I have been strangely silent on the Orphan Works Act–the piece of legislation that passed the Senate by unanimous consent (!–not even a record to know how your Senator voted). I have not been silent with my Congressman and Senator. I have voiced my opposition to the Act to both of them.
As a former U.S. Senate staffperson, I know there are many subtleties in a piece of legislation and many changes made when it makes it to a joint committee (House and Senate members combined) to work out differences. I just haven’t felt knowledgeable enough to carry the standard for this issue. I’m glad others have done so. I’ve heard from lots and lots of you and I’m mostly writing to leave a space for your comments.
As I understand it, the House has its own version, but is also considering the Senate version. If you are so inclined, now is the time to (1) voice your opposition to both to your Congressman, (2) voice your opposition to one version, or (3) voice your support. You can find information and take action here.
I must also study the second bill that passed the Senate AND then immediately passed the House right after the Orphan Works Act: Enforcement of Intellectual Property Act of 2008, which I’m just guessing (without having done any research) was written and passed to appease those opposed to OWA. If you have a good resource on this and how it plays with the whole story, please leave a link in the comments below. I think it’s important to know what kind of effect this might have if and when OWA becomes law.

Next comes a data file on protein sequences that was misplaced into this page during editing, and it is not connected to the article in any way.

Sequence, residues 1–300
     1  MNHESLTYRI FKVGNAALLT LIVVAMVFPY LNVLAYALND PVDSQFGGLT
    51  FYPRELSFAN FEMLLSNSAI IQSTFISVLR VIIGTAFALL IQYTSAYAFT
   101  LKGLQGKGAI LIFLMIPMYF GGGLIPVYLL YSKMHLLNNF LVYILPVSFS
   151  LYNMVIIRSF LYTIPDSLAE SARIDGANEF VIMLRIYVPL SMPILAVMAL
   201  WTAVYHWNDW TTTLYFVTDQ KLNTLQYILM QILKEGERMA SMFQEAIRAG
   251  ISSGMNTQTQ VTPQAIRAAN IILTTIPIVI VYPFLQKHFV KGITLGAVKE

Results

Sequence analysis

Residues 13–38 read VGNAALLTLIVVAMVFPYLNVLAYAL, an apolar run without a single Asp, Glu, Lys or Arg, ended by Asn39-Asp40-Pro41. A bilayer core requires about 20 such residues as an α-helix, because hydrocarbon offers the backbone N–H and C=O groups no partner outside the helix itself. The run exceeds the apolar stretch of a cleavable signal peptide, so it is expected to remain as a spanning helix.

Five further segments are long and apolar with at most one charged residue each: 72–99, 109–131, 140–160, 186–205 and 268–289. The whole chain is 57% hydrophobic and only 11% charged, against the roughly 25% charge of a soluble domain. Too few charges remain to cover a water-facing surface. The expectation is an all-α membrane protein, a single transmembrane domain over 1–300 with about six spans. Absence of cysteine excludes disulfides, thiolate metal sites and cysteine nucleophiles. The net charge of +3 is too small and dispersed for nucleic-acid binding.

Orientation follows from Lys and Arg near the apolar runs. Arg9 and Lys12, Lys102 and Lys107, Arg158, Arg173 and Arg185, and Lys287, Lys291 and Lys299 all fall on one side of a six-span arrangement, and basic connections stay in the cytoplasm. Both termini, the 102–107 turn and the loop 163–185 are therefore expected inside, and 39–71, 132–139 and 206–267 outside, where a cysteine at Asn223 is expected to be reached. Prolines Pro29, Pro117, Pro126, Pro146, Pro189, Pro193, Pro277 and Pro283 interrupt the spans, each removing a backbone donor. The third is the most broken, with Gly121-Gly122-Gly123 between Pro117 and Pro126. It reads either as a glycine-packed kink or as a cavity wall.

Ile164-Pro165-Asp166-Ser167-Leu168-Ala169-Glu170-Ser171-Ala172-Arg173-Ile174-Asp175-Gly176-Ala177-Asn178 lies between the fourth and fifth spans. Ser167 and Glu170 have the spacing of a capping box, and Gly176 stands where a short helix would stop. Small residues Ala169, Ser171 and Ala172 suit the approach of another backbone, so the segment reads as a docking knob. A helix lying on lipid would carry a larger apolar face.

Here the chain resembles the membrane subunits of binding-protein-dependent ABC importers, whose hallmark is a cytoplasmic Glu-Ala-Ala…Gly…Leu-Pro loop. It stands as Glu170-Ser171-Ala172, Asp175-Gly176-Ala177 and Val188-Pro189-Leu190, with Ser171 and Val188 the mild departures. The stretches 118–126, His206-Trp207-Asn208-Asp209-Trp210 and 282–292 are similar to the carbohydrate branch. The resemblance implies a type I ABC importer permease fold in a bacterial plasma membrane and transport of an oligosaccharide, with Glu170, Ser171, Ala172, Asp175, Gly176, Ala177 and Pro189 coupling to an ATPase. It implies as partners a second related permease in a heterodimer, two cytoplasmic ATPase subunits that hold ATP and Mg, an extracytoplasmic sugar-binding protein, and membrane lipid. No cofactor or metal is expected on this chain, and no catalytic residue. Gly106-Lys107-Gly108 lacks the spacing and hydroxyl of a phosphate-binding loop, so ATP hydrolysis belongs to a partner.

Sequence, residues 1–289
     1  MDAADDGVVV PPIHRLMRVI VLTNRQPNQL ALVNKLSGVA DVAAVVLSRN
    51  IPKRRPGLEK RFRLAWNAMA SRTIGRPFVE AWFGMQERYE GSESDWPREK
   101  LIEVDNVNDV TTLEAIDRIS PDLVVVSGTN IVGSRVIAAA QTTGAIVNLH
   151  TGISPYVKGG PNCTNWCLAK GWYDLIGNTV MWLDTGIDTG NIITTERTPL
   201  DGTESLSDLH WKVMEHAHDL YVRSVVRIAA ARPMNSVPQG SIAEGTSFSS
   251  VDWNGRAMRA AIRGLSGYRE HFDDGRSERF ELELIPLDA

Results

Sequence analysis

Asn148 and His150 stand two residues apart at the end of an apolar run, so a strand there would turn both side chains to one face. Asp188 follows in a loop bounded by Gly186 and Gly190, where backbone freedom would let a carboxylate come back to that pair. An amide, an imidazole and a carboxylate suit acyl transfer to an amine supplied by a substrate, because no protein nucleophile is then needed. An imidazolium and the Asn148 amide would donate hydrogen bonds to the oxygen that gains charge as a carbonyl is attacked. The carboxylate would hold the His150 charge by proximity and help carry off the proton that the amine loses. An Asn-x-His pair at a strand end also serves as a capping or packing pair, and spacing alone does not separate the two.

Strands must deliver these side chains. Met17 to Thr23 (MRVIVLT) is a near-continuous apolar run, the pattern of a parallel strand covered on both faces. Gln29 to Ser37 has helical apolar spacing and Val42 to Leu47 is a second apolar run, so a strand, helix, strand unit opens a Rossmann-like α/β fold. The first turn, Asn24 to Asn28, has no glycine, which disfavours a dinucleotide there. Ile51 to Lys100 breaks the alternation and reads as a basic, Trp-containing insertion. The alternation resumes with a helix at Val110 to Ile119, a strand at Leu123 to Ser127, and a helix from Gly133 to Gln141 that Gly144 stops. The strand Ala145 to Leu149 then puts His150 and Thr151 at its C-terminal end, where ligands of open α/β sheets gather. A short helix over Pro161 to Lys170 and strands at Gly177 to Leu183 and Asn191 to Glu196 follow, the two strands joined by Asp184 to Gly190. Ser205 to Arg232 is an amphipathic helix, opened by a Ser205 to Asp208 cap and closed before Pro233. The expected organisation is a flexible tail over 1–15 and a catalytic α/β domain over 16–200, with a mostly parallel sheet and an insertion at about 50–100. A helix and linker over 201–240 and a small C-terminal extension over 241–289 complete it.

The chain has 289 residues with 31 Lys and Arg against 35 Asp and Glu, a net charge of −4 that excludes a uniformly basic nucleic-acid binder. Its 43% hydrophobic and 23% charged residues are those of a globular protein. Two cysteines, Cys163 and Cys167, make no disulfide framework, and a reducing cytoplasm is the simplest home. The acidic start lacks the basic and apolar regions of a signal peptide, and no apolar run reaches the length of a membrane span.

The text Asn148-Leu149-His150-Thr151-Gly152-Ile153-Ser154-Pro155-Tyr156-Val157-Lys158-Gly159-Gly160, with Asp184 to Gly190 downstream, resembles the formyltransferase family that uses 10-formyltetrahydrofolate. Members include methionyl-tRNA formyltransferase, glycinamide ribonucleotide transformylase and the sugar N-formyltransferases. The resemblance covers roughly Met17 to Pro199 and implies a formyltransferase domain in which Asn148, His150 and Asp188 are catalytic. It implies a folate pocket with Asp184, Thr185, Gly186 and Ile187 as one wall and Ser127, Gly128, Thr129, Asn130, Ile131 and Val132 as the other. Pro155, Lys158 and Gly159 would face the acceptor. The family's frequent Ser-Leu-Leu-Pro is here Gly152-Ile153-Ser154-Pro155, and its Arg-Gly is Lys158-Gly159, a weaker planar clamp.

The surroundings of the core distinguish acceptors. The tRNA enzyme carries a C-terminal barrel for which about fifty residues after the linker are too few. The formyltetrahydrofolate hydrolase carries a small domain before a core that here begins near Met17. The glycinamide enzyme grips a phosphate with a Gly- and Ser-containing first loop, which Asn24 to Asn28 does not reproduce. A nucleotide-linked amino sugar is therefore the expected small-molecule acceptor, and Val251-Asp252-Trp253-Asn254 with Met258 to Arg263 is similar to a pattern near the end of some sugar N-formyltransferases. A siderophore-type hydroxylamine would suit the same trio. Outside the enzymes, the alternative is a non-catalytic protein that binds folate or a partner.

It has been incredibly interesting to watch how this issue has
galvanized artists. I hope the spirit isn’t lost and that you continue to work together on issues of major import. In particular, I’d like to
see artists become strong advocates for improved health care–something that affects most working artists in America today.